Franklin Ellis.

History of Fayette County, Pennsylvania : with biographical sketches of many of its pioneers and prominent men online

. (page 25 of 193)
Online LibraryFranklin EllisHistory of Fayette County, Pennsylvania : with biographical sketches of many of its pioneers and prominent men → online text (page 25 of 193)
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in no other way could security be had for the settle-
ments along the border. It was the wish of the lead-

1 The earliest reports which obtained currency were to the effect t
the army of Crawford was almost annihilated, and that the Indians w
pursuing them to the Oliio, and would douLtlcss cross the river and carij
rapine and desolation through the border settlements. Tlie fact waBi
that, including all those killed in battle, those who afterwards died<i«
wounds, those wlio suffered death at the hiinds of their savage captors
and those who were missing and never heard from, the total loss sua-



;iiiits — sucli men as Maj. Gaildis, Williamson,
M:ir>li;il, and Edward Cook — tliat tlie proposed expe-
litiiiii should be made as strong, numerically, as pos-

bk', that it should include, besides volunteers from
the militia of Westmoreland and Wasliington Conn-
ies and the Pan Handle of Virginia, as many regu-
lar Continental troops as could be spared from Fort
Pitt, and that it should be commanded by Gen. Irvine
n i)erson.

Capts. Robert Beall and Thomas Moore, of the
Westmoreland County militia, wrote from near Stew-
ut's Crossings, under date of June 23d, to Gen. Irvine,
uforming of the sentiment of the people in favor of

new expedition. "The unfortunate miscarriage of
he late expedition," they said, " the common interest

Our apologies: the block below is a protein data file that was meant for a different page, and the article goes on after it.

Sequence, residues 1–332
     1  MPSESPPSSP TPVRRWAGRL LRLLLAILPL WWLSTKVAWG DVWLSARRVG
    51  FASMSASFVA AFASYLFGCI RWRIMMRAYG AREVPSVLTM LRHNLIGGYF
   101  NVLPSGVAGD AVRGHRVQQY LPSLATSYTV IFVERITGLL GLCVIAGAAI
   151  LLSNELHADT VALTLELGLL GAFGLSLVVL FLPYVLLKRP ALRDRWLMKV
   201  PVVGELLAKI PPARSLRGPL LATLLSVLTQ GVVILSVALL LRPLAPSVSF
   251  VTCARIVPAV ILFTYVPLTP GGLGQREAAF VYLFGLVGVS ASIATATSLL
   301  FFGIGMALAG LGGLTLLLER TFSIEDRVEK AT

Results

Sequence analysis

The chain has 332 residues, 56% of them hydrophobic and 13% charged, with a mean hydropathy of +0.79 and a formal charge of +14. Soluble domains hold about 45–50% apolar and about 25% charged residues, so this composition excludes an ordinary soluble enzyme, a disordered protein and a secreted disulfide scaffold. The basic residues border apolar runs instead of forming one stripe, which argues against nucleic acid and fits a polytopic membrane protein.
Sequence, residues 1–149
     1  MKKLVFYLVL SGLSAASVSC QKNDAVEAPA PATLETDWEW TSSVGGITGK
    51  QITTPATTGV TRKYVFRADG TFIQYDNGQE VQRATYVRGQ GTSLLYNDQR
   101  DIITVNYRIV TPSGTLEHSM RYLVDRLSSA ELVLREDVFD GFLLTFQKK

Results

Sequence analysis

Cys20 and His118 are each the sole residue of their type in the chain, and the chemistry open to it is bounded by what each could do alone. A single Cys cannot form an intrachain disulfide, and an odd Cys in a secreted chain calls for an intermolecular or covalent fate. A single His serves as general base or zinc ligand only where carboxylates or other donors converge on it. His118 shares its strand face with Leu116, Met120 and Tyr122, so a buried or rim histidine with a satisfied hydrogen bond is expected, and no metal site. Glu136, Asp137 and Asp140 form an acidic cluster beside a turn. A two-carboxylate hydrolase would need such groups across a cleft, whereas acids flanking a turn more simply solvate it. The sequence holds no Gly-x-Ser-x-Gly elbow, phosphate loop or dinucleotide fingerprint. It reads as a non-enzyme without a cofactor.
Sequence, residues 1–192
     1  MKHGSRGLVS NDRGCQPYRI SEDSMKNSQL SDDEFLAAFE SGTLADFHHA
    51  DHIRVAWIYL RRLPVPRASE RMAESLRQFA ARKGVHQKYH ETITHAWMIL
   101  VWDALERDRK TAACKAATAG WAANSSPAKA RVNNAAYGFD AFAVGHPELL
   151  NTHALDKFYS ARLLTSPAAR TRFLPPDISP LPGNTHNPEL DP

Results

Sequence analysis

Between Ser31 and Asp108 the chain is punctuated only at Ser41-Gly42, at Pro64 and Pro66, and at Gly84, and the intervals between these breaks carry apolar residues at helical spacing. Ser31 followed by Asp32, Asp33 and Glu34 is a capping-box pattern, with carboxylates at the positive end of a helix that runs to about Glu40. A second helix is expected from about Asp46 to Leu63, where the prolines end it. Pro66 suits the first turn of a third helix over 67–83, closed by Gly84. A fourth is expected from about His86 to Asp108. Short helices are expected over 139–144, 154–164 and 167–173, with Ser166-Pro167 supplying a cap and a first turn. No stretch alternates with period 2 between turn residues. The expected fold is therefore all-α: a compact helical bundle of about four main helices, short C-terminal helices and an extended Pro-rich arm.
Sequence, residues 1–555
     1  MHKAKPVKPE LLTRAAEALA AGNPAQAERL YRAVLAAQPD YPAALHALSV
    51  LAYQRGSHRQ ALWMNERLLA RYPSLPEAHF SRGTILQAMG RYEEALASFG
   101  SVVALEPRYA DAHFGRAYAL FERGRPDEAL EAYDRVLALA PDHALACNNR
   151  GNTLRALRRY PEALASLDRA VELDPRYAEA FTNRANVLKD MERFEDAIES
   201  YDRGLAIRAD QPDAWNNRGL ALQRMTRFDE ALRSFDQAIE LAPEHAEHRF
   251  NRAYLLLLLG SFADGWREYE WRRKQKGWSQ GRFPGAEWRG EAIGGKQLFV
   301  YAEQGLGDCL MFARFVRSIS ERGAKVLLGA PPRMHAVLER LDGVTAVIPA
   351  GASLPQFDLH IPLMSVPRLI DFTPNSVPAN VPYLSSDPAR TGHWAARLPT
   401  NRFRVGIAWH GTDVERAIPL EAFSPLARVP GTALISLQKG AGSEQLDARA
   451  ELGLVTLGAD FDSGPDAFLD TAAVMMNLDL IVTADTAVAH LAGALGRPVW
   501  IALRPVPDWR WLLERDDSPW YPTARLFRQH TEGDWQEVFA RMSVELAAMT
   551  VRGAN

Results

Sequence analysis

i)f our country, and the loss of our friends induce
13 to be thus forward in proposing another. . . . We
lo not wish to be understood as giving our own pri-
vate sentiments, but of those of the people generally
n our quarter; for which purpose we are authorized

address you, and from accounts well authenticated
sure you it is the wish of the people on this side

he Monongahela River without a dissenting voice."
From the west side of theMonongahela, John Evans,
ieutenant of Monongalia County, Va., wrote Irvine

1 weclv later (June 30th), informing him that Indians
lad made their appearance in that quarter, and that
;reat alarm was felt in consequence, adding, "With-
>ut your assistance I much fear our settlements will
)reak. The defeat of Col. Crawford occasions much

In his reply to Beall and Moore (dated June 26th)
Jen. Irvine said, "Inclination as well as duty is a
lontinual spur to me, not only to acquiesce in, but to
ncourage every measure adopted for the public good.
four proposals on this occasion are so truly patriotic
■nd spirited that I should look on myself unpardon-
ble were I to pass them unnoticed." In a letter
if the same date, addressed to Col. Edward Cook,
ieutenant of Westmoreland County,' Irvine said,
'Your people seem so much in earnest that I am led
o think, if other parts of the country are so spirited